All Party Parliamentary Group on Poverty – The digital divide
All Party Parliamentary Groups (APPGs) are cross-party informal groups formed and run by members of the House of Commons and the House of Lords, who share interest in a particular policy area. On Wednesday the 19th of October, the APLE Collective was invited to attend and host the APPG on Poverty meeting, as a way to commemorate the International Day to End Poverty.
ATD Fourth World is a founding member of the APLE Collective. Its members are individuals and 10 non-profit organisations, all led by people with lived experience of poverty. A shared priority for the Collective has been its ongoing campaign around the digital divide, which was the focus of the APPG on Poverty meeting.
The digital divide, as explained by the APLE Collective is “a term used to describe the inequality of digital access experienced by people living in poverty, created through a complex and multi-faceted set of barriers.” As we move towards a technology-based society, the exclusion from internet access can lead to devastating effects, such as health problems (due to not being able to attend online GP appointments), interventions by children’s social services (due to not being able to attend online court dates or meetings) and many more. The APLE Collective strongly believes that money should not be a barrier in people trying to access internet. (To learn more about the digital divide, please click here.)
What happened on the day:
As a collective, it was very important for us that the voices of the people with lived experience were amplified. During the meeting, people with lived experience not only got to talk about their experiences, but also expressed their worries and their suggestions to the government on how to minimise the digital divide.
The meeting started with an introduction by David Linden MP, Chair of the APPG on Poverty. He was followed by Amanda Button, ATD Fourth World activist, who introduced the issue of the digital divide. (Click here to read her whole speech.) The meeting continued with different stories told by people with lived experience of poverty, discussing the impact of the digital divide on transport, refugee and asylum seekers, and children and education. This included Thomas Mayes, ATD Fourth World activist, talking about the importance of parent advocates when parents are in meetings with social services and the difficulties in conducting these meetings online. (Click here to read Thomas’ speech.)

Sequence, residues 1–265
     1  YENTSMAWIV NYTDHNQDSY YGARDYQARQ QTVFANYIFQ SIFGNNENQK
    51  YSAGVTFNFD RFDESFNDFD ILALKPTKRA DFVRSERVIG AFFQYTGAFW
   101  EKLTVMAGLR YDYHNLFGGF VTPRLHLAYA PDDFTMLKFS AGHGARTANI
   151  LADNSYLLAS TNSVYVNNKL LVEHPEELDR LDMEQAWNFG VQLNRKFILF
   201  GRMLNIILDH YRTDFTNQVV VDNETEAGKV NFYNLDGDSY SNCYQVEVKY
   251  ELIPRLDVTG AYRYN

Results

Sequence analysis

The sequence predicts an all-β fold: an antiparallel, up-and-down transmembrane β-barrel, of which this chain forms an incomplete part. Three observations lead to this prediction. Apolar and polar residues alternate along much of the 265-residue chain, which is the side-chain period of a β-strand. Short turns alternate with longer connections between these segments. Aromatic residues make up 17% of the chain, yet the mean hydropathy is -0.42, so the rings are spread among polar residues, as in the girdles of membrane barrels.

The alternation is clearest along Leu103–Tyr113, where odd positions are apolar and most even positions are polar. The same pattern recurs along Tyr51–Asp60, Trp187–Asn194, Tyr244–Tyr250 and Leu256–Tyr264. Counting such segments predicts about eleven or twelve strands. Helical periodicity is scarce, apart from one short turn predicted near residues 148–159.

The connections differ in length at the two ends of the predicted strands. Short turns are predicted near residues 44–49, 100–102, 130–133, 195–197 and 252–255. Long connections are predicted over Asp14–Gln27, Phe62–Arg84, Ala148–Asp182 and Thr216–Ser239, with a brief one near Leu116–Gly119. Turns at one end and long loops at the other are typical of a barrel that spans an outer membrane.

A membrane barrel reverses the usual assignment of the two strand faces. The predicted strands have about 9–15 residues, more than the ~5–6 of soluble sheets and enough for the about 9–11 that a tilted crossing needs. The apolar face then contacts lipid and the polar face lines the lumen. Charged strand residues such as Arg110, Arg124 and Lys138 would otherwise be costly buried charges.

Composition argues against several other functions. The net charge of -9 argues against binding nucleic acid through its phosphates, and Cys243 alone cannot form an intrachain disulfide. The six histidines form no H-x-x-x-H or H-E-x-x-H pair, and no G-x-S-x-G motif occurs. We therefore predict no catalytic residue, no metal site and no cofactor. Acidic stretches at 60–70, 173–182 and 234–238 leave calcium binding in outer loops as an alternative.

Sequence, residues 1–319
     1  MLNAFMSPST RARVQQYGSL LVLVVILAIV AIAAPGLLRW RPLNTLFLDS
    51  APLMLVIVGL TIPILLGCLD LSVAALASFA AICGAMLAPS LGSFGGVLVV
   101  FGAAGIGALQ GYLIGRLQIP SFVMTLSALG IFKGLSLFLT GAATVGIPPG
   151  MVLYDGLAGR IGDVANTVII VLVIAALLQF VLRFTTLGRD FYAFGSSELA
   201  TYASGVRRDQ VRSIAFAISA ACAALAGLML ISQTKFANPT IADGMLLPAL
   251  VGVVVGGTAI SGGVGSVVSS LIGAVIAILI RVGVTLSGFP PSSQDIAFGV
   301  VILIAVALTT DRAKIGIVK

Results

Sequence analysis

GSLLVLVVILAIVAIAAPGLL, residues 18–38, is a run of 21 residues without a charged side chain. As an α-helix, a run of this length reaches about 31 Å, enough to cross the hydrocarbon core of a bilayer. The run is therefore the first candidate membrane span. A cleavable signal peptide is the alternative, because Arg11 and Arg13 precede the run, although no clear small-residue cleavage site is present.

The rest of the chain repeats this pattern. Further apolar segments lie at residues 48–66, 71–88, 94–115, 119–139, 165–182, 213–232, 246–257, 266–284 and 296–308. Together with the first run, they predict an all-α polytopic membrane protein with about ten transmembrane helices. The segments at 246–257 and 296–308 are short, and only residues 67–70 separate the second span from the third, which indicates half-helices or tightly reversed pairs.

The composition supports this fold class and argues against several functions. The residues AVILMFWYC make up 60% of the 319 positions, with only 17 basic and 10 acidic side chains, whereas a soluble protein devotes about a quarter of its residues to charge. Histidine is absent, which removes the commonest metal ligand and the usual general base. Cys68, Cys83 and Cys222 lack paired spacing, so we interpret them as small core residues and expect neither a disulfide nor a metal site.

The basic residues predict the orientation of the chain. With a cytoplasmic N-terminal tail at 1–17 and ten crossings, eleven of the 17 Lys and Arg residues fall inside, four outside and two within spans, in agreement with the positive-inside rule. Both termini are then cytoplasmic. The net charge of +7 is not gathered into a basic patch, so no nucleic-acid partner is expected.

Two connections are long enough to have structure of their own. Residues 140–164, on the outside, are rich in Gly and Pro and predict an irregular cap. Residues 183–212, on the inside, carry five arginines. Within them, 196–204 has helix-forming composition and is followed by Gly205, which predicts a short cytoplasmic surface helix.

To finalise the presentation, APLE gave a list of recommendations on how to solve some of the issues raised throughout the meeting. Some of these suggestions included:
- Free WiFi for all – The APLE Collective believes that WiFi has become a basic necessity, thus, it should be provided for free to all households.
- Zero data healthcare and education – As we see a rise in the use of technology, essential services such as education and healthcare have adopted online methods to provide parts of their services. The APLE Collective urges such entities to take into consideration the difficulty people living in poverty face and to provide alternative ways to access these services that do not involve the internet.
- Investment in rural WiFi – People living in poverty are disproportionately living in the rural areas of this country. These areas tend to have less internet installations resulting in worse reception (or no service at all).
The session reached an end with a Q&A that gave the opportunity for MPs and people with lived experience to engage in conversations about the issues raised throughout the meeting. The APLE Collective committed to produce a document for the APPG on Poverty which will detail their asks around the issue of the digital divide.
The impact it had:
Although it is impossible to quantify the impact this meeting had, after the event, the APLE members who had attended the APPG had a common sense of feeling heard, powerful and hopeful. Amanda Button said:
“During the meeting, I felt heard. The MPs present in the room where listening and looked genuinely interested to know more about what we had to say.”
She also added:
“What we were saying there, they can bring it up to debate in the House of Commons. That gives me hope.”
The positive feelings APLE members felt after leaving the meeting will carry on with them.
We hope the government will debate and take into consideration the suggestions and concerns presented to the APPG. Despite hoping that political action follows up from this meeting, we are delighted to have amplified the voices of people with lived experience of poverty. We believe that giving people with lived experience a platform to share their thoughts and opinions in the political arena is crucial. At the end of the day, they will be the ones more affected by the parliamentary decisions.